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Dokpesi reveals drugs administered on COVID-19 patients, faults NCDC statistics

By Monsuru Olowoopejo
Hours after leaving Federal Capital Territory (FCT) Abuja coronavirus isolation center with his grandchildren, the founder of Daar Communications Plc, Raymond Dokpesi, has revealed that the drugs currently administered by the Federal Government on covid-19 patients was not different from what every other hospitals uses for malaria treatment.
Dokpesi added that all he received, before been certified negative to coronavirus and discharged, from the medical officials at the Gwagwalada isolation center were drugs administered on malaria patients.
Recall that the management of DAAR Communication, owners of African Independent Television, Raypower, and Faaji FM, had earlier disclosed that Dokpesi alongside seven members of his family tested positive to coronavirus.
In a short video obtained by our correspondent, he alleged that many patients currently in isolation centres only had malaria after several test from reputable laboratories in the country but were tagged as covid-19 patient by the National Center for Disease Control (NCDC).
The Daar Communication founder argued that the statistics been brandished by NCDC may not be real considering his experience at the isolation centre with his relatives.
Dokpesi said: “I did not go into the Gwagwalada isolation center as a High Chief but I went into that place like an obedient citizen of Nigeria. And I did this to have a feel of what an ordinary citizen pass through.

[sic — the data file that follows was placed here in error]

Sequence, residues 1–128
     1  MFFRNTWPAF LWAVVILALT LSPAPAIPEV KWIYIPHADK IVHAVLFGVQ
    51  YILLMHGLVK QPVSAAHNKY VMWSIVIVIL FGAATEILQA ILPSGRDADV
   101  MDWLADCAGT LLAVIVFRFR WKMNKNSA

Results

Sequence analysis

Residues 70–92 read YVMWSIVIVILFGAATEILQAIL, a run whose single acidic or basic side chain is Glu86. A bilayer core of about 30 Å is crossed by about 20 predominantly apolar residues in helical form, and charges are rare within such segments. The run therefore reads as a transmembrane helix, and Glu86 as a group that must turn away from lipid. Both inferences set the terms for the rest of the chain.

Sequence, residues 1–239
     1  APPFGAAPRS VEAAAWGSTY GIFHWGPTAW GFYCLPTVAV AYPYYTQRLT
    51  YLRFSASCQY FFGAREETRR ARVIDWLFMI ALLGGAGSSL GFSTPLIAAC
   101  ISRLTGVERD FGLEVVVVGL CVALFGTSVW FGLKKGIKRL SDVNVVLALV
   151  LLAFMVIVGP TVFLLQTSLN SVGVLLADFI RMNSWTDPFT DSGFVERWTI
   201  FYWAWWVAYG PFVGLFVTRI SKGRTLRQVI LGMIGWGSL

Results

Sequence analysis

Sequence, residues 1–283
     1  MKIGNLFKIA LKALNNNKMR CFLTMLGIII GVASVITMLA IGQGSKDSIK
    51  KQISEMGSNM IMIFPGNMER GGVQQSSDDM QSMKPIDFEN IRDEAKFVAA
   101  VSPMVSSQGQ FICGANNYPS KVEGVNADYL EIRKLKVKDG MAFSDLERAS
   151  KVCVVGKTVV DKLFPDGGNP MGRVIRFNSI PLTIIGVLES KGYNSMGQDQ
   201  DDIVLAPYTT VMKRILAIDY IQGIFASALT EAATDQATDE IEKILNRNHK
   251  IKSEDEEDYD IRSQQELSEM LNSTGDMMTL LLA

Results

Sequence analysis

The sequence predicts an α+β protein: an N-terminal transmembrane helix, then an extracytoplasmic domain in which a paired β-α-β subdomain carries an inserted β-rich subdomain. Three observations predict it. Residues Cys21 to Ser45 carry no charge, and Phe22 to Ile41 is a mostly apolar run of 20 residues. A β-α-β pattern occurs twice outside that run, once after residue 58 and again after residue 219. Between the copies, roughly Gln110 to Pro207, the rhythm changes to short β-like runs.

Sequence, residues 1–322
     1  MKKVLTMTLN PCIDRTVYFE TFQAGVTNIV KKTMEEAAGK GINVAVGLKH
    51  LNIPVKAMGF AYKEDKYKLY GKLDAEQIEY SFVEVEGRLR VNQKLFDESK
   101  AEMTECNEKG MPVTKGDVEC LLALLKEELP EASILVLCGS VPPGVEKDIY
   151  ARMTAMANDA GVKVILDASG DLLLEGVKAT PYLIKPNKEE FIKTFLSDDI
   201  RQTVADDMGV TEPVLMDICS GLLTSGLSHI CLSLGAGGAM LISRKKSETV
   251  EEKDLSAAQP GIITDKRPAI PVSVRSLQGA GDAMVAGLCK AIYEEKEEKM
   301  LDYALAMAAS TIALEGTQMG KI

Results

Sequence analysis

“There is no gain saying that the number of covid-19 patients in Nigeria has been increasing and that medical officials, as few as they were, provide need professional treatment that can be obtained anywhere.
 
“But I have doubts in my mind and I need to be properly educated, do not forget, I am a mechanic engineer. So, what is the difference between coronavirus and malaria which is a parasite.
 
“I say this because every medication we were given at the isolation centre were malaria drugs. Even some of the patients at the isolation centres had went for test before been told that they were coronavirus positive and the outcome of the test conducted at different reputable laboratories in Abuja showed that they had a lot of malaria parasite in their bloodstream.
 
“So, when did malaria symptoms become synonymous to covid-19; well that is food for thought”, the Daar Communication founder added. 

Dokpesi, earlier, revealed that though he had, alongside his two grandchildren been discharged from the isolation center, some of his family members including his son were yet to be discharged.

While appreciating the frontline workers and health response put together by the Federal Government to fight the global pandemic, he added that his experience at the isolation center was an eye-opener for him and his family.

“My gratitude goes to many Nigerians in the country and in the diaspora for their outpouring of concern and prayers.

“The past weeks have provided us with the first-hand experience of the enormous challenge before us as a country. We are better acquainted with the personal sacrifices many Nigerians are making to ensure that we collectively defeat this pandemic. This cuts across the policymakers, the care providers, and even the cleaners whose job puts them at constant risk of exposure.

“I am exceptionally indebted to God Almighty for keeping and protecting me and my entire family all through our isolation at the University of Abuja Teaching Hospital, Gwagwalada Isolation Centre.

“It is my firm belief that with well thought out policies, coupled with targeted and highly coordinated investment in the health system, Nigeria’s fight against COVID-19 may become the catalyst for the much-needed reform in the health sector”.

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